But instead, it looked relatively normal. Harry could feel a tingle against his skin that probably came from nasty enchantments, but they were already fading away. He slogged his way across the room, through carpet that felt as thick as grass against his feet, and mounted the stairs that led to the seventh-year boys' bedroom.
It was short by two beds, probably because he and Ron had left before the start of the year. Harry frankly didn't care. He cast a Vanishing Spell to get rid of some crumbs and dirt on the bed nearest the door, which looked to be Seamus's, and then crawled in and pulled the sheets over him.
He shut his eyes. It felt as though he hadn't slept for years, and he wondered how long it would take him to get there.
Not long, as it turned out. Harry found himself drifting off at once, despite the fact that he ached all over and his head hurt and he still had the slender shapes of two wands awkwardly clutched in his hands.
Shit, I forgot to put the Elder Wand back in Dumbledore's tomb, he realized muzzily. Oh, well, I can do it later.
Everything was "later" right now, he realized with a vast sense of contentment. And "later" was large.
"What are we going to tell him?"
Harry frowned. Why were people talking right next to his head? He'd assumed that Ron and Hermione would be the only ones who'd know where he was, and they'd at least have the courtesy to knock first. He rolled over, grunting, and tried to sit up.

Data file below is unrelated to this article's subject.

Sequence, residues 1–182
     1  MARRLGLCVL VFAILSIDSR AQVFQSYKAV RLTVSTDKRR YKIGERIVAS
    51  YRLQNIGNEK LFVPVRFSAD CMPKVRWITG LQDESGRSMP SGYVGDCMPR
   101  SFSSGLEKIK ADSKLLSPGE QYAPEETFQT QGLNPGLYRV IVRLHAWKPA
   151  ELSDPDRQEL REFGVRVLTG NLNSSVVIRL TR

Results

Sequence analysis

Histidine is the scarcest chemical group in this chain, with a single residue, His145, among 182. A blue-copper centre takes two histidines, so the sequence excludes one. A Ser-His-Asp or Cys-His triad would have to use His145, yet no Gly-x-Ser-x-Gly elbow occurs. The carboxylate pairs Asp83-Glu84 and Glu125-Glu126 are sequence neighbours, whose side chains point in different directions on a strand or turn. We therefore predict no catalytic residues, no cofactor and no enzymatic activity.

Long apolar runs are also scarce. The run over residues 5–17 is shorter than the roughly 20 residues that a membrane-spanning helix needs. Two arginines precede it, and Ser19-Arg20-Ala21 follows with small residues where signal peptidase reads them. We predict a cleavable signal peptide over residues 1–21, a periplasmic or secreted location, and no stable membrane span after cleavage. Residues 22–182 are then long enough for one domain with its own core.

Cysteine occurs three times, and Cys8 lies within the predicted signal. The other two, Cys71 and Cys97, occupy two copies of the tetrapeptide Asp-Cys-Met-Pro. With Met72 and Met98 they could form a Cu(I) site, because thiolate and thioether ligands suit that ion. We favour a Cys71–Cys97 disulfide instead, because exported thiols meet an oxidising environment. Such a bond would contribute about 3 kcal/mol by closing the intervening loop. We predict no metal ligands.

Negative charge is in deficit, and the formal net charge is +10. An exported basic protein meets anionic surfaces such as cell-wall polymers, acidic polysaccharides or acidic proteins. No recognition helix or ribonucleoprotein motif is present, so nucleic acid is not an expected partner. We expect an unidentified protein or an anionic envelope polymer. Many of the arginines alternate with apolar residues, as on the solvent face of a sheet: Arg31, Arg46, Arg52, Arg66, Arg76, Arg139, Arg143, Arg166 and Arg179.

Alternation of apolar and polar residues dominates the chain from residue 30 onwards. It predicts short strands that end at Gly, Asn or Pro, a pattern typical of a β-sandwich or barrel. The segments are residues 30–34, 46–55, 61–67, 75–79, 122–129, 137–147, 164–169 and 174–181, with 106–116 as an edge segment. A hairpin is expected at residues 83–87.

"Shit, that was fast. I've never seen any of the others recover from the spell that quickly." This voice sounded familiar, teasing and tugging at Harry's mind, while the first voice hadn't. But the reference to "the spell" made him shoot up in bed immediately, grabbing for his wands, instead of trying to figure out who it was.
He banged his head, and dropped down again, hissing. When he opened his eyes, he saw a length of steel above him that looked like the bottom of a stacked bed, and when he turned his head, he saw bars marching down the length of the front of the room.
Beyond the bars stood a whole bunch of people, staring at him, and two of them made him roll to the floor and cast as strong an Expelliarmus as he could straight through the bars.
Two Expelliarmuses, actually. The Elder Wand hummed in response to his touch, though Harry was sure that he had only told the holly wand what to do, and Snape and Lucius Malfoy cried out in shock and staggered back as their wands went flying to him. Harry whirled around, prepared to cast it again.